Just as power is vital in event organization, ideology creates the foundation of an occasion. The ideas originate from people’s beliefs, attitudes, and opinions and intertwine with the power in the society that impacts decisions. The first ideologies arise from dominant principles of socio-political order in society. However, people could create alternative ideas to the existing ones, hence making counter ideologies, that perform the same function as the dominant ideologies. On the other hand, for successful event planning, power, and thinking should integrate with propaganda. Propaganda is a piece of biased or misleading information that s always bound to occur to promote a cause of action. Participatory propaganda works well in an event organized as parties deliberately work together to shape perceptions and persuade the audience to achieve a response. Integrating power, ideologies, and propaganda into event planning ensures proper interpretation hence perfect event planning.
Events take place in communities, for example, in festivals for celebrations, entertainment, and sports to foster unity and create identity. The society believes in ties that bind the people together, shown through the culture, interests, and social relationships shared among people of the same community. Individuals may also identify themselves through common cultural heritage such as tradition, faith, kinship and shared economic interests. When planning an event, a common theme guides it during development, representing the beliefs or policies of the group. However, a frequent subject requires community cohesion with a shared vision, which is challenging to build. Globalization, cultural diversity, and different leisure interests influence it; hence expectations may end up being unrealistic.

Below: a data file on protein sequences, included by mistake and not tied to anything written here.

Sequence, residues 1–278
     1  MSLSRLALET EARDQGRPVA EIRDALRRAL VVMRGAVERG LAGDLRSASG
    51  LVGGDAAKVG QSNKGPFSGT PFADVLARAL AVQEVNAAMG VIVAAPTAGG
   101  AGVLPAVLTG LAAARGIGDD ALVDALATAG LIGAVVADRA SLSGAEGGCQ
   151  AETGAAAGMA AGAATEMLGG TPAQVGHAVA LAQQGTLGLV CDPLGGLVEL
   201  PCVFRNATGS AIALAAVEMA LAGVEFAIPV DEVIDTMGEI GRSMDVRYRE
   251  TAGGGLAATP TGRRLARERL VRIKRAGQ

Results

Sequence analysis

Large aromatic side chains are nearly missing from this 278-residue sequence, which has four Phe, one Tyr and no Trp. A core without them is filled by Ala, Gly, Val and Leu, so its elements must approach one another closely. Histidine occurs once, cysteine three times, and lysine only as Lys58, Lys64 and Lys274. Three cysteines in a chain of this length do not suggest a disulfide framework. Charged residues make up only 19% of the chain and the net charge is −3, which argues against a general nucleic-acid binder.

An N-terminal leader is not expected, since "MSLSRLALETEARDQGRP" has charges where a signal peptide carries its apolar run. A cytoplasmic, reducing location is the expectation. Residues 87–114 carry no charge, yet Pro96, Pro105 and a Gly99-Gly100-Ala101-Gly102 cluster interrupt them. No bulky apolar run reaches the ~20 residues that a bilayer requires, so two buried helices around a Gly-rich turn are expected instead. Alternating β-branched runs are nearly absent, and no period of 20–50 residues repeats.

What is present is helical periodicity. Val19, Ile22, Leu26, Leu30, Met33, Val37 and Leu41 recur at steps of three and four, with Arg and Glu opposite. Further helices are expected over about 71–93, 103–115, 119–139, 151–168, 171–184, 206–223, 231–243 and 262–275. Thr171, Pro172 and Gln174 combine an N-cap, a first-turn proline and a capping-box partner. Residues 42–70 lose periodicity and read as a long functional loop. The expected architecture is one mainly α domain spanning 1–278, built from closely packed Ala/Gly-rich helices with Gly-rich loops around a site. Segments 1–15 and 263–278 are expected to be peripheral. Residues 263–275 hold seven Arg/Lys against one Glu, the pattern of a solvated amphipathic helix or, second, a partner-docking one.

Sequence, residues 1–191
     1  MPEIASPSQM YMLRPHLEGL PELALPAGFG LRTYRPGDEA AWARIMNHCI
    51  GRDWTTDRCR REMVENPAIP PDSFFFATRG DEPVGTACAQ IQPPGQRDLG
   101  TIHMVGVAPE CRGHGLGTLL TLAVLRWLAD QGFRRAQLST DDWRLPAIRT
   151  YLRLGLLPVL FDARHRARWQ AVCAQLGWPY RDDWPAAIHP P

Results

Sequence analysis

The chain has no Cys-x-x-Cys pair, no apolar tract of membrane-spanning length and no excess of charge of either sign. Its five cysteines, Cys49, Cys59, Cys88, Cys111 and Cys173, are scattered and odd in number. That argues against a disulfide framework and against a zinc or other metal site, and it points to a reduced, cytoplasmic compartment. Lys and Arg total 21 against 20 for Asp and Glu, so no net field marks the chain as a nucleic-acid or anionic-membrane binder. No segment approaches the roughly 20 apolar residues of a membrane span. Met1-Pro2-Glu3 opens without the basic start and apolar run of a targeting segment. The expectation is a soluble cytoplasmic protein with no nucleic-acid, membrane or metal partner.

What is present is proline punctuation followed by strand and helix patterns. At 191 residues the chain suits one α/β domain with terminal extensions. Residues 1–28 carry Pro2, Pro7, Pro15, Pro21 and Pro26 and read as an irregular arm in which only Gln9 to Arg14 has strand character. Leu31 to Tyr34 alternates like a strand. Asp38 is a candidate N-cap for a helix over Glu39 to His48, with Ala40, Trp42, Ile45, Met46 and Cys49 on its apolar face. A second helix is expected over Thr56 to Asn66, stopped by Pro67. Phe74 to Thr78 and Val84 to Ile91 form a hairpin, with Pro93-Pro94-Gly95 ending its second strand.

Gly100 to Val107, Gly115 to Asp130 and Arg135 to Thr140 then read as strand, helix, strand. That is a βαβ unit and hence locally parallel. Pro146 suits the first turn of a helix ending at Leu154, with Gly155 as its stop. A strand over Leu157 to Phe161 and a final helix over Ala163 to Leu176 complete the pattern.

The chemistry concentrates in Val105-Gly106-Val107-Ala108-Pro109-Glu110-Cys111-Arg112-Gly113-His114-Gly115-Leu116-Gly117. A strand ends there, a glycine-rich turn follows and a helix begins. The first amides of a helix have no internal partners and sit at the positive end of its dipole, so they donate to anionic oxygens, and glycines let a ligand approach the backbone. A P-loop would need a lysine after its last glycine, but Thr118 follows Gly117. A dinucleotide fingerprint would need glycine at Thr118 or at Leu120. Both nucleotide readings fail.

The community may develop political ideologies for election manifestos (Taylor, 2011) and is used by the society creating a belief. This is the big society which is characterised by more power over other people and an active role in the society.
The politics of events focusing on expressing difference